Emily Baucum, News On 6
WAGONER, Oklahoma -- The City of Wagoner was forced to shut off all water access in Wagoner and the surrounding Rural Water District 6 Monday.
This came after a mechanical problem crippled Wagoner's water treatment plant over the weekend. It could only churn out water at half capacity.
Customers of Rural Water District #6 who do have water are under a boil order from the Oklahoma Department of Environmental Quality.
The water shortage is hurting several businesses in Wagoner.
There's a lock on the gate at the car wash--the stalls are empty, the nozzles, dry. The laundromat is still open--for now.
"Definitely don't make any money. You have to close your business for the day," said Kathryn Romo, Owner of Wagoner Laundromat.
The culprit: a broken filter at Wagoner's water treatment plant. It buckled under the pressure of delivering water to thousands trying to cool off during this wicked-hot summer.
Manufacturers say it would take four to six weeks to ship a replacement part.
"It's unacceptable. Our citizens don't deserve that," said James Jennings, Wagoner Mayor.
The mayor says water will be restored much faster.
"Parts are on their way here from Dallas as we speak. We're going to manufacture and fabricate a grate and a screen on site," he said.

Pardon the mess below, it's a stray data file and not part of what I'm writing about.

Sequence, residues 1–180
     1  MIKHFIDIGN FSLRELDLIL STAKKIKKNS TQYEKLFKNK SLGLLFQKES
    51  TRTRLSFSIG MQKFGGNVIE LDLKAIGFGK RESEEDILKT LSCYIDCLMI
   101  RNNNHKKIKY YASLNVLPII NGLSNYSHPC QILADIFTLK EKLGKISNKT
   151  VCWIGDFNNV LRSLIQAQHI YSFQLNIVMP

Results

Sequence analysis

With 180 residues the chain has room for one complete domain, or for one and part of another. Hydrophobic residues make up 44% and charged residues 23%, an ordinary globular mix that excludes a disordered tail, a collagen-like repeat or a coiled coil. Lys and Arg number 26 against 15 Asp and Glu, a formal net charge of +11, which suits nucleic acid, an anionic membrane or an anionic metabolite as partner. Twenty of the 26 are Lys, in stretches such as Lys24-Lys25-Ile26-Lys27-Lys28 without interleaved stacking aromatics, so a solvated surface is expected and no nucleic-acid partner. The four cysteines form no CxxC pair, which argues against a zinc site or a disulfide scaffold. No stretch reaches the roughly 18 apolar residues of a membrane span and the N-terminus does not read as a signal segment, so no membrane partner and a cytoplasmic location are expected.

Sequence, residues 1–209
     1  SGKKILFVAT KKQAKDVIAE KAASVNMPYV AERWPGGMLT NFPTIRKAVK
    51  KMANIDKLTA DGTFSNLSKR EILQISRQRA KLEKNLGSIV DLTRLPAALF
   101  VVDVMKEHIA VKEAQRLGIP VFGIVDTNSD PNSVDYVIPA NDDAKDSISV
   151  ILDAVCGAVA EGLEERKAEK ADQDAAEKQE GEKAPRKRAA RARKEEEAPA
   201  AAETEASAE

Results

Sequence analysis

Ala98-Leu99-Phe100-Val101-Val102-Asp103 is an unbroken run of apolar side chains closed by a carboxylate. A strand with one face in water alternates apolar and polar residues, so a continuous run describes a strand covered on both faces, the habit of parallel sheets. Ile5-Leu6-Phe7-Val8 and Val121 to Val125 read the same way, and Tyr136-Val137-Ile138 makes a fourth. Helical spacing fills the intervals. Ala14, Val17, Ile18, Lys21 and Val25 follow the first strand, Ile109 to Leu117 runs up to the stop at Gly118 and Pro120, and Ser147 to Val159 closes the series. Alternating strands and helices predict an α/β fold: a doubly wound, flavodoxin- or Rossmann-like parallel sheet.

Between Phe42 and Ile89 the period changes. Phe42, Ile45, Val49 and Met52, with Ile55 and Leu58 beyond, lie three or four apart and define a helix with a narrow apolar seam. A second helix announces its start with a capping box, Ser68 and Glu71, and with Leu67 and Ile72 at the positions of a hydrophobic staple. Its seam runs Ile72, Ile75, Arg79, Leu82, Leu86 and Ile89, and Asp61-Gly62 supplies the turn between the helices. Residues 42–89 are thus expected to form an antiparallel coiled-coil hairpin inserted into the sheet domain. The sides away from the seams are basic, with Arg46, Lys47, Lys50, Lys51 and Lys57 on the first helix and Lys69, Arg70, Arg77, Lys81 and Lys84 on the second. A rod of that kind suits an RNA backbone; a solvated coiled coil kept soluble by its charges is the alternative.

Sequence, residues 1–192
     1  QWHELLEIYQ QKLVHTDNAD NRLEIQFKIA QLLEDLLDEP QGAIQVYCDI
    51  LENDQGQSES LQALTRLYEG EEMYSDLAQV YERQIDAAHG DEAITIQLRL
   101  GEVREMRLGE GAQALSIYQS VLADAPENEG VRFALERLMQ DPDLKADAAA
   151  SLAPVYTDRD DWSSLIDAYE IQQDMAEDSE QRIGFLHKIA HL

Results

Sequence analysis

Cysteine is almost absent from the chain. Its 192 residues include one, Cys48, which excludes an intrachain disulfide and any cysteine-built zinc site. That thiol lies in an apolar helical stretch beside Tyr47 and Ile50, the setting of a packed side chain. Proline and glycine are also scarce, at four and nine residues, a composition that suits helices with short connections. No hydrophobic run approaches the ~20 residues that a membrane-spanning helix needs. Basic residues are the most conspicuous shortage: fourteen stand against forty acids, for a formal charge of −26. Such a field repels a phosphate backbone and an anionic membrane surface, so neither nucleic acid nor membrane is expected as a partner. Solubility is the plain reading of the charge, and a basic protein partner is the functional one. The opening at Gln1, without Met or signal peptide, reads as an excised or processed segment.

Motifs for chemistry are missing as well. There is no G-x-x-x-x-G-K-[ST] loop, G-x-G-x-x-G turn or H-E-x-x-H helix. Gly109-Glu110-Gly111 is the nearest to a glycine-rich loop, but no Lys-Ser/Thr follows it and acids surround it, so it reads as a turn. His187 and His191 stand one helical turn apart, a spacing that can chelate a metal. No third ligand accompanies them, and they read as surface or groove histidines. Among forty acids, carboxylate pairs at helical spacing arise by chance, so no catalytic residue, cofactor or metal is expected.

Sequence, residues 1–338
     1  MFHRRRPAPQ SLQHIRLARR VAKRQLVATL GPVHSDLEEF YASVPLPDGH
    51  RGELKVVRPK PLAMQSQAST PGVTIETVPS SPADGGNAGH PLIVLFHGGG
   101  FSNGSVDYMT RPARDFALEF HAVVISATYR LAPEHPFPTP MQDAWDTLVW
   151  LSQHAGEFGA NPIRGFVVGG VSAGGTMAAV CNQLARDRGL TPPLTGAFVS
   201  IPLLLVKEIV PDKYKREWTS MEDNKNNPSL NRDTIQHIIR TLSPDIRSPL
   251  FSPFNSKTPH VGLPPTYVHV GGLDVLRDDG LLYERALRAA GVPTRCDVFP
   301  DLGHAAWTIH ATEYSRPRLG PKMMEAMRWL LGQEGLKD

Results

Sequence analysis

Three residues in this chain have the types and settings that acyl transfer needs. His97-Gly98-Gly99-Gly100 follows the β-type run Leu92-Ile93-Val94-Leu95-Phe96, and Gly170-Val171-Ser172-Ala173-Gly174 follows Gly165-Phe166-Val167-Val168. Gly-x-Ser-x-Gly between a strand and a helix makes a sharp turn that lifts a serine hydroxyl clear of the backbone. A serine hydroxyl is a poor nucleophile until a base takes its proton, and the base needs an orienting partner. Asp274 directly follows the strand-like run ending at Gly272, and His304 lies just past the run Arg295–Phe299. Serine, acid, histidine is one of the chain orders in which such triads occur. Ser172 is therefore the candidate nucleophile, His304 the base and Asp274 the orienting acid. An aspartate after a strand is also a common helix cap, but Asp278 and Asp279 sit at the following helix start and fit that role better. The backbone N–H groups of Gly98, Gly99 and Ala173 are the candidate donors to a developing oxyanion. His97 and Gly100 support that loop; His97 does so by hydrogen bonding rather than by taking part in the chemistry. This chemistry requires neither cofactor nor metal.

He says crews will work all night to retrofit their own fix--and promises it will be a permanent solution.
"I knew the water was going to be turned off but I didn't realize it was going to be for days," said Wagoner resident Vickie Edwards.
Edwards got lucky--she's driving away from the laundromat with clean clothes.
"I just took a chance and threw them in there," she said.
After that, the washing machine ran dry -- and so did business.
"If they don't get their water situated in a week they're going to have a lot of mad people in Wagoner," Edwards said.
The city's water problems have also caused the Wagoner County courthouse to close Monday and Tuesday.
The courthouse is tentatively scheduled to reopen on Wednesday, if water pressure is restored.